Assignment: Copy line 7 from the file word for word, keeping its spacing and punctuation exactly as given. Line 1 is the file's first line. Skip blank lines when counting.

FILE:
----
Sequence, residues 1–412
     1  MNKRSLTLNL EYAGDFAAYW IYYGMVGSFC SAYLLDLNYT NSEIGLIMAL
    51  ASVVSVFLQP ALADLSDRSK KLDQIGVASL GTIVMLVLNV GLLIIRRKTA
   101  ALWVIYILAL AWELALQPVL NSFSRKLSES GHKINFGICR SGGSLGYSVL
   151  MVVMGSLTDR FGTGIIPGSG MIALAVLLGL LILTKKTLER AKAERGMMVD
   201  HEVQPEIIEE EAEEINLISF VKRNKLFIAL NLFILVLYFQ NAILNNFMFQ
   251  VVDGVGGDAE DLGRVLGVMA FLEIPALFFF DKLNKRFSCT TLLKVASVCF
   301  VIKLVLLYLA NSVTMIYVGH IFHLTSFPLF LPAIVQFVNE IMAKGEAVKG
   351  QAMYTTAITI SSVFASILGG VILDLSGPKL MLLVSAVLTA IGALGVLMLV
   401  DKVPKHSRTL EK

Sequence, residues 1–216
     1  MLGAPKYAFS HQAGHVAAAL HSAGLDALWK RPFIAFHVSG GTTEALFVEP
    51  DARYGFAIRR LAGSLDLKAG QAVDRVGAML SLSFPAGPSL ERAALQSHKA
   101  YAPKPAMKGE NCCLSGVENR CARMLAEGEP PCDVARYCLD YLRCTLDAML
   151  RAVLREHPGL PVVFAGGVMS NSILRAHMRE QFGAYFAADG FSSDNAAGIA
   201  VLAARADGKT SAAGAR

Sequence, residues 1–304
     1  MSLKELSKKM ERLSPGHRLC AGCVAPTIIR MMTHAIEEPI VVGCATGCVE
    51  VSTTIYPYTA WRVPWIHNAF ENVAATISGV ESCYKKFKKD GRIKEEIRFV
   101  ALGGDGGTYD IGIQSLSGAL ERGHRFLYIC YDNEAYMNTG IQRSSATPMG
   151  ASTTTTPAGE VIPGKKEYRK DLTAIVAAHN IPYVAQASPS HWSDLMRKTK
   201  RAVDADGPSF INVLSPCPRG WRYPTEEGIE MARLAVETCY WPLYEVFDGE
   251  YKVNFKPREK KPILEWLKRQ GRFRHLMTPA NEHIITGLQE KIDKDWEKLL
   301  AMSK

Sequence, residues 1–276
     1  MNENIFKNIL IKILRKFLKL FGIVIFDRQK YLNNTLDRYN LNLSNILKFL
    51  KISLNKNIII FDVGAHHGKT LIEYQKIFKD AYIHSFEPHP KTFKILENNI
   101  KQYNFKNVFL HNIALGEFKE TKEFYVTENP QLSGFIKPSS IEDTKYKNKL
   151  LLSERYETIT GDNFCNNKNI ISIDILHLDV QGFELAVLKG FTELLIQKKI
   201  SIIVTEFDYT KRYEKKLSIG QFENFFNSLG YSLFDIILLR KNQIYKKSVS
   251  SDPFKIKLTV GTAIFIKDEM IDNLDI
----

   251  VVDGVGGDAE DLGRVLGVMA FLEIPALFFF DKLNKRFSCT TLLKVASVCF